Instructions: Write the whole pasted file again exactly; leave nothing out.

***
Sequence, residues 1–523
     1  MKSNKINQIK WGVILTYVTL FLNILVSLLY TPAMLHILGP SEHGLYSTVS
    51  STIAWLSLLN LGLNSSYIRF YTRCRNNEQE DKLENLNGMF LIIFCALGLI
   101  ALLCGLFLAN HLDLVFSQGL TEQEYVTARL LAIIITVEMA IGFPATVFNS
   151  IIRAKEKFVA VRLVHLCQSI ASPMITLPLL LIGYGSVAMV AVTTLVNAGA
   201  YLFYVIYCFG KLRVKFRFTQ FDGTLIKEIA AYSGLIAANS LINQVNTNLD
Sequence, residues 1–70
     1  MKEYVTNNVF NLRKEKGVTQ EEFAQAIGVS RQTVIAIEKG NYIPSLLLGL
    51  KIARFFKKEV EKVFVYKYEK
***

Sequence, residues 1–523
     1  MKSNKINQIK WGVILTYVTL FLNILVSLLY TPAMLHILGP SEHGLYSTVS
    51  STIAWLSLLN LGLNSSYIRF YTRCRNNEQE DKLENLNGMF LIIFCALGLI
   101  ALLCGLFLAN HLDLVFSQGL TEQEYVTARL LAIIITVEMA IGFPATVFNS
   151  IIRAKEKFVA VRLVHLCQSI ASPMITLPLL LIGYGSVAMV AVTTLVNAGA
   201  YLFYVIYCFG KLRVKFRFTQ FDGTLIKEIA AYSGLIAANS LINQVNTNLD
Sequence, residues 1–70
     1  MKEYVTNNVF NLRKEKGVTQ EEFAQAIGVS RQTVIAIEKG NYIPSLLLGL
    51  KIARFFKKEV EKVFVYKYEK